Beating the strike, slowly

08Sep10

Excuse me a minute while I resettle, oof, the trousers of pain. Aiee. I bin doing a bit of walking lately, and the old legules are feeling it somewhat. It’s all down to the tube strike (‘LONDON GRINDS TO A HALT’), which seems to have been greeted with hysteria. On the news last night (‘HARDY LONDONERS DETERMINED TO BEAT THE STRIKE’) there were some people interviewed outside a main line railway station who seemed astonished that they’d found it difficult to take public transport. ‘We waited 10 minutes for a bus,’ chuffed one ‘but then [with an air of outraged munificence] we just ended up walking.’ Oh my God, you WALKED? You actually decided that the two stalks sprouting out of the lower edge of your arse might do more than simply hold up your socks? Since the young gentleman in question was somewhat soft of silhouette, I’d hazard that yes, walking seemed to him a cruel and unusual carry-on.

Actually, the Northern Line was the only one working, so I could have got the tube in and out as usual. Digression: people are always so rude about the Norvern Line – why? It’s one of the oldest, yet it’s the most reliable. A faithful old workhorse that everyone grumbles about, it even worked during the snow when everything else packed up. But I decided to walk, partly because I wanted to see if I could do it, partly because I thought the N Line would be jammed, and partly – old-fashioned notion though it is – out of solidarity for the strikers. Not very keen on breaking strikes, meself.

But jeez, was solidarity in short supply. I had an argument on the subject with someone in the office as soon as I got in. We weren’t the most appropriate antagonists, since I regularly walk and he always cycles, so our dealings with the tube are pretty optional, but then again we were the only two in because everyone else was stuck in traffic. He said that anyone in public services who went on strike should be fired. Couldn’t let that one lie, so off I went on industrial unrest, social organisation, collective bargaining and the principles of social cohesion. My argument boils down to: Bugger that, workers have to push back or employers think they can do anything they want.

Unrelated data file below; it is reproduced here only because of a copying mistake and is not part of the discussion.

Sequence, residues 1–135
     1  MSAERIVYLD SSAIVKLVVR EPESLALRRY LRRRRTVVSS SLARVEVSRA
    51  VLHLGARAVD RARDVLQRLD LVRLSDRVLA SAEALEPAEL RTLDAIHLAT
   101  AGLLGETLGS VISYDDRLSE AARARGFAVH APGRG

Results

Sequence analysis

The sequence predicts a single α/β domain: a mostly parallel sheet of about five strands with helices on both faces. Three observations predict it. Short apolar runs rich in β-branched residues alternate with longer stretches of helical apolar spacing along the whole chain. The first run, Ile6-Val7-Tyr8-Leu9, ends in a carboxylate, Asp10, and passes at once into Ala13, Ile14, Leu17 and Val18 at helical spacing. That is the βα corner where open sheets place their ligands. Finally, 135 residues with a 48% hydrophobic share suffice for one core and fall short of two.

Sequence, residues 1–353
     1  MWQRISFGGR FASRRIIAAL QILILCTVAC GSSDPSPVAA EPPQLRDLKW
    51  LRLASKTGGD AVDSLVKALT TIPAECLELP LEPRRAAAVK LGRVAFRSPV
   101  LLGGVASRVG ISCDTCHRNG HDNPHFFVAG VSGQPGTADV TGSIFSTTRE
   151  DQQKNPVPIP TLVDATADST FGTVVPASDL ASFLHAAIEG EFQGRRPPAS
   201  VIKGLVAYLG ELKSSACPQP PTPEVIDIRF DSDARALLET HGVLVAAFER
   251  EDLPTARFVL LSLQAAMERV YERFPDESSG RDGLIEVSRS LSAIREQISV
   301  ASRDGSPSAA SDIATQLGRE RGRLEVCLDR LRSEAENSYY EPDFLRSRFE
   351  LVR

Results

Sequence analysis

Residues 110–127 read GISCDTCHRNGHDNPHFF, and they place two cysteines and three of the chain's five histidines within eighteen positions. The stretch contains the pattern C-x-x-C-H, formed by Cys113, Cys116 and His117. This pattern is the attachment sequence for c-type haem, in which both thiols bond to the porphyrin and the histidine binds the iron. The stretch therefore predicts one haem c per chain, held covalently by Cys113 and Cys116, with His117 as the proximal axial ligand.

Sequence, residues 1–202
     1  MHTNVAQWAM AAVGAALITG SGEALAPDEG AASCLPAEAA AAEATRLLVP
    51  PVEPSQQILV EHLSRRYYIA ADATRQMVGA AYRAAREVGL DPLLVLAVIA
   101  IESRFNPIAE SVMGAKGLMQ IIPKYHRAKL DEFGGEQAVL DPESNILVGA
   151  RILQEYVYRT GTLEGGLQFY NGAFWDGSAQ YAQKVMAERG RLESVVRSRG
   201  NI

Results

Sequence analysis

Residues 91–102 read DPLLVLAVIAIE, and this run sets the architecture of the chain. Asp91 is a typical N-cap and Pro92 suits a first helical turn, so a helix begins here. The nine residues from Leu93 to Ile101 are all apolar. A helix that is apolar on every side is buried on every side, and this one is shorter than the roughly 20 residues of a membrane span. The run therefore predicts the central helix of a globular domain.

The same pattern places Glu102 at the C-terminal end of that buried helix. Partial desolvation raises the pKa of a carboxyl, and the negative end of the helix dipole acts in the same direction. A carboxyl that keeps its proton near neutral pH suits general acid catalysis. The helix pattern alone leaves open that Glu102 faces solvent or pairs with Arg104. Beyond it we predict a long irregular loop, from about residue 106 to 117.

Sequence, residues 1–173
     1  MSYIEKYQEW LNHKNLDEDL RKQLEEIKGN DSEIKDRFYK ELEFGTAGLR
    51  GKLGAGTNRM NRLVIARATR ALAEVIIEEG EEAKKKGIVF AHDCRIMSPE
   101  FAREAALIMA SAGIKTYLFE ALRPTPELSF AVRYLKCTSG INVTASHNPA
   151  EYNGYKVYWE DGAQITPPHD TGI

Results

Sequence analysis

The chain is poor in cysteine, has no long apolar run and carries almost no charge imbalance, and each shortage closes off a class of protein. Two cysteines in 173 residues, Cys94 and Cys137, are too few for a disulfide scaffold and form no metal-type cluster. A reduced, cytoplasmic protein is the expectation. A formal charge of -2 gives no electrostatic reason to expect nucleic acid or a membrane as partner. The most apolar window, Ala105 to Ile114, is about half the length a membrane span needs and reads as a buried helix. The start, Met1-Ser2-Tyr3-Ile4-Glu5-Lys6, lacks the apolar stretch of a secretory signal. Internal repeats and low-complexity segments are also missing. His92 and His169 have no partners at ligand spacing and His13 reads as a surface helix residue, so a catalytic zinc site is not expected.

Oh, and also on the news, a minister saying that this sort of strike would put off foreign investment. WHAT? Blaming the prolonged recession on the soon-to-be-unemployed for not going quietly enough? Nice. In short: employers must have absolutely free rein and workers must accept it, otherwise foreign Mr Gradgrinds won’t want to set up shop here. Lose your job for the greater good. Well, balls to that.

Back to the trousers. I walked out and in and out again (though the sprightly saunter was a head-down plod by the end), which added up to 25 miles in 25 hours. As I sat in the bath last night, wiggling my toes and trying to soak out tired muscles, it dawned on me that that’s 1 m.p.h. and I nearly cried.

A postscript to the above, some hours later, from an article by David Edmonds in Prospect magazine. He’s writing on hypothetical moral exercises (is it ok to kill one person if that death will save five other lives etc). One particular behavioural scientist, Frances Kamm, ‘…takes seriously the separateness of persons, the idea that an individual’s wellbeing shouldn’t just be dissolved into some giant vat of wellbeing soup.’ Exactly! Don’t take redundancy on the chin! Strike, baby, strike!

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4 Responses to “Beating the strike, slowly”

  1. Hey, nice post. Also the date seem to be distorted and overlapping each other. I am running Chrome, you might want to fix that.

    • 2 vanessaharriss

      Thanks! But along with old-fashioned, socialist-flavoured views, I sport old-fashioned ignorance about softywarey thingules. Sorry, I honestly don’t know what to do about the Chrome niggles. Though I would probably use that as the name of any band I might form.

  2. 3 PaulW

    Hey, my Chrome is also overlapping. No it isn’t. Not really. In fact, I don’t even know what Chrome is. I just wanted to feel that I belonged to something hip and new. *sob*
    I walk. I don’t bovver with the tube, except when I am running late. Quite often, my lateness is simply rubber-stamped by passing through the gates. In a way the validation is relaxing. It’s an old system, we’re jolly lucky to have it at all and it’s so much better than in the ’70s when I first used it to mooch about the city with a Sainsbury’s carrier bag of sandwiches and a skateboard. So pay up and we can all get on with our pathetic lives.

  3. 4 vanessaharriss

    You had a whole carrier bag of sandwiches? That skateboard must have had to earn its keep. Did it have 18 wheels and caterpillar tracks? Haahahahahaha.


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